Indian Jewish Congregation of USA Launches Its First Newsletter
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The Indian Jewish Congregation of USA is embarking on something new, the starting of a newsletter in the month of Shevat, the eleventh month of the civil year on the Hebrew calendar and the fifth month of the ecclesiastical year. It is a winter month of 30 days. It was on the first of Shevat of the year 2488 from creation, Moses convened the Jewish people and began the 37 day “review of the Torah” contained in the Book of Deuteronomy (Devarim), which he concluded on the day of his passing on Adar 7 of that year.
The later sages have, therefore, said that the first of Shevat is comparable to the day of the giving of the Torah. On that day they began to receive the Book of Deuteronomy from G-d, through Moses. These 37 days are especially suited for renewed inspiration in the study of Torah and the doing of Mitzvot. Tu B’Shevat, the 15th day of the Jewish month of Shevat, is a holiday also known as the New Year for Trees. This year it will be on February 3rd. Judaism has several different “new years.” Tu B’Shevat is the New Year for the purpose of calculating the age of trees for tithing. Lev19:23-25 states that fruit from trees may not be eaten during the first three years. The fourth years’ fruit is for G-d, and after that, you can eat the fruit. Tu B’Shevat is not mentioned in the Torah. Only in the Mishnah is it mentioned as a dispute between the House of Hillel and the House of Shammai where Rabbi Hillel said the proper date for the holiday was the 15th of Shevat whereas Rabbi Shammai said it should be the First of Shevat. We follow Rabbi Hillel.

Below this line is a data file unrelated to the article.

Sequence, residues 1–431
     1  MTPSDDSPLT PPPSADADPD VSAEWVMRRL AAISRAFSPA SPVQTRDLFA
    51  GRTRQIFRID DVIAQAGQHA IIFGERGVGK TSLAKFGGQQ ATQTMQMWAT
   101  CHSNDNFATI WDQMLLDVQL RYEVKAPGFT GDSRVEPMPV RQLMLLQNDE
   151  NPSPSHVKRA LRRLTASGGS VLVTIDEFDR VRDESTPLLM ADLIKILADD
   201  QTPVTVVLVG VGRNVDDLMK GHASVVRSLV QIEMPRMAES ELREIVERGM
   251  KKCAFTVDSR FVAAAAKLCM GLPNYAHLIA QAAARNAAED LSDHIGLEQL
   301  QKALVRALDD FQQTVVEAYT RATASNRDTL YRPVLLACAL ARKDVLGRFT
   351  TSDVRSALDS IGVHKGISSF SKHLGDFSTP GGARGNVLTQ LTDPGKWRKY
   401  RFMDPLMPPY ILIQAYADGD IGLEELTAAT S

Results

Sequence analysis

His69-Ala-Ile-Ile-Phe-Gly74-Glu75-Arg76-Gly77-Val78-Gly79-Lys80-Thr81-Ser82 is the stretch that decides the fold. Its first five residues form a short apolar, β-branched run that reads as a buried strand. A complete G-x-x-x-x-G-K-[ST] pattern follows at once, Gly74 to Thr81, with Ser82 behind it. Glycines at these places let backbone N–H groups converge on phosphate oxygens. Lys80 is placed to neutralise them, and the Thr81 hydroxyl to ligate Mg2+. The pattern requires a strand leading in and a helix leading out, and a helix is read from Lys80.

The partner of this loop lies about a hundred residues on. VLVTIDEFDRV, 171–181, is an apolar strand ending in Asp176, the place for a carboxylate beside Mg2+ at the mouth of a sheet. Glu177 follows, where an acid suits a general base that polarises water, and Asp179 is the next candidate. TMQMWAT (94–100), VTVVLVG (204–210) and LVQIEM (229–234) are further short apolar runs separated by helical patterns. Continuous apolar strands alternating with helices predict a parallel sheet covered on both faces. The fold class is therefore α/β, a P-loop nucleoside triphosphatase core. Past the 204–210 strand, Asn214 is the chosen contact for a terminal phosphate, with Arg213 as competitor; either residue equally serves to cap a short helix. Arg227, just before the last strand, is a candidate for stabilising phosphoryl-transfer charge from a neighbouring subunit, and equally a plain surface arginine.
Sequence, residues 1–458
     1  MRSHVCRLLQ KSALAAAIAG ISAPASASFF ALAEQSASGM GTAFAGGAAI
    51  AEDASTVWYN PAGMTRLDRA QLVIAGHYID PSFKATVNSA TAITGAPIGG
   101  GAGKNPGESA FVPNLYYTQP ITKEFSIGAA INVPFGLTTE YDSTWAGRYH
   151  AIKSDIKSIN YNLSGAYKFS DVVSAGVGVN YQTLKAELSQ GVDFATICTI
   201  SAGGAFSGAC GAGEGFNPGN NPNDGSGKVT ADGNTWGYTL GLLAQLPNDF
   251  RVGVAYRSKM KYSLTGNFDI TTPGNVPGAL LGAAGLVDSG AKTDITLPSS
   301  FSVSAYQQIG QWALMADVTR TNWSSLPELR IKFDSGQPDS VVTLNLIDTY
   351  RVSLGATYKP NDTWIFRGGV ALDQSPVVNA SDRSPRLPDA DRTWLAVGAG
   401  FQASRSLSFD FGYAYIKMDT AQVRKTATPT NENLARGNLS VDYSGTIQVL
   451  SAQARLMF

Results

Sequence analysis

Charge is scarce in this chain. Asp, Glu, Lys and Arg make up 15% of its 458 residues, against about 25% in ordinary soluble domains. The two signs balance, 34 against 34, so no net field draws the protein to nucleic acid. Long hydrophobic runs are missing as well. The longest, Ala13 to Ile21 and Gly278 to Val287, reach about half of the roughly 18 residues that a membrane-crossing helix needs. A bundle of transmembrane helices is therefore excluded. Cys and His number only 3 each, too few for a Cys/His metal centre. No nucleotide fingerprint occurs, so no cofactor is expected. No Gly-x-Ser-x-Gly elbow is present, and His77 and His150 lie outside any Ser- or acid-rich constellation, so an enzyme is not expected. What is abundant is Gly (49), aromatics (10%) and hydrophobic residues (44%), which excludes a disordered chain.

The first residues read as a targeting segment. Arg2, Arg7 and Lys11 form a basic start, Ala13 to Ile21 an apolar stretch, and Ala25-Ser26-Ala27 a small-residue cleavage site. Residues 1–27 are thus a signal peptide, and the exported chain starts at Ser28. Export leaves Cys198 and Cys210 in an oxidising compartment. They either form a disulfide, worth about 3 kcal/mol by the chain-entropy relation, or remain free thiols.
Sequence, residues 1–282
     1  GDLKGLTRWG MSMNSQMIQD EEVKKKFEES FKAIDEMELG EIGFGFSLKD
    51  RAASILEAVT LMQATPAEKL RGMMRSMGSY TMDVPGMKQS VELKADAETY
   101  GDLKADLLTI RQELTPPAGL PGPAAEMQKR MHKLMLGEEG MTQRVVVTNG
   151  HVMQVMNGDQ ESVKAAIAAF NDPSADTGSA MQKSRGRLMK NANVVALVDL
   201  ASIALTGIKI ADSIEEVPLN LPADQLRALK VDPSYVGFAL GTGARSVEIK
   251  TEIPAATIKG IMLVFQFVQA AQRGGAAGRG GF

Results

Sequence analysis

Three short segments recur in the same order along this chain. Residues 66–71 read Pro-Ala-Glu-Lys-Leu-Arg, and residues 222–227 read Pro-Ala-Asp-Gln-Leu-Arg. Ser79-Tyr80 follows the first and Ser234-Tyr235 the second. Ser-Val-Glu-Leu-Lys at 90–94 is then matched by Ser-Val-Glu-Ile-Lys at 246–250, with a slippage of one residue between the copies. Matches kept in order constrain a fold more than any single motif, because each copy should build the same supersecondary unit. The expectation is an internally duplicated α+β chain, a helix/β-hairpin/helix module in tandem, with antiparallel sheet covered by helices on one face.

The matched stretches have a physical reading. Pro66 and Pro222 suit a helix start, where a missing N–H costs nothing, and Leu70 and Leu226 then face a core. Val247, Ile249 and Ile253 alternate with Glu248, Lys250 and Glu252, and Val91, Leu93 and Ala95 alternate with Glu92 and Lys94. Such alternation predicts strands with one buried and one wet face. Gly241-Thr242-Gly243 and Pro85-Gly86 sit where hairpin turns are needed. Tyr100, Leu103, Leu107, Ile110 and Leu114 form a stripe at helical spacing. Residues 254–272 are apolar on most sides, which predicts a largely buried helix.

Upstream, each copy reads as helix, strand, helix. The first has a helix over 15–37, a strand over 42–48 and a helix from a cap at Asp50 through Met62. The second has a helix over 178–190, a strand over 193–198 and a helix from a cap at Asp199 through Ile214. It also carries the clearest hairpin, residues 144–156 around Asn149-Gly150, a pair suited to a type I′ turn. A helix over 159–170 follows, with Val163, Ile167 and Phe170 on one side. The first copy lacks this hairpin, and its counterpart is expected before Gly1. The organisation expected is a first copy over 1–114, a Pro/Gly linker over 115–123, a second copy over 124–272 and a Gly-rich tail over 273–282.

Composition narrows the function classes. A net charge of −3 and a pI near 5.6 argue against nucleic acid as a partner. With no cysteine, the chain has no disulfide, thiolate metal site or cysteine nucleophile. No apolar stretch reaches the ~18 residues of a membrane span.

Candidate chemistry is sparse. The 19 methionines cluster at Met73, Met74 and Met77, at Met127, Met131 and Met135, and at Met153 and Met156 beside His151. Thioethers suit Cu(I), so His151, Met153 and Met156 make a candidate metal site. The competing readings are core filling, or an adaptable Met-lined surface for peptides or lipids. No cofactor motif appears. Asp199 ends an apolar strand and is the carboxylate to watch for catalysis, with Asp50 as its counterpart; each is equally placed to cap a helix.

There are a few customs or observances related to this day. One custom is to eat a new fruit on this day. Some people plant trees on this day.
In India, the tradition was for every Bene Israel household to perform the Eliyahoo Hannabi ceremony. For those who wanted to have a community Eliyahoo Hannabi, a special trip was made to Khandala, near Alibag in the Konkan district to perform the Eliyahoo Hannabi ceremony at the rock where supposedly the track marks of Eliyahoo Hannabi’s chariot can be seen. This was the time when he ascended to heaven in a chariot of fire. This day was thus called the Eliyahoo Hannabi cha Oorus. Some synagogues had a communal Eliyahoo Hannabi.
There is a story in the Talmud of and old person, Honi, who was observed planting a carob tree. When asked if he really expected to live long enough to consume the fruits of his labor, he replied: “I was born into a world flourishing with ready pleasures. My ancestors planted for me, and now I plant for my children…”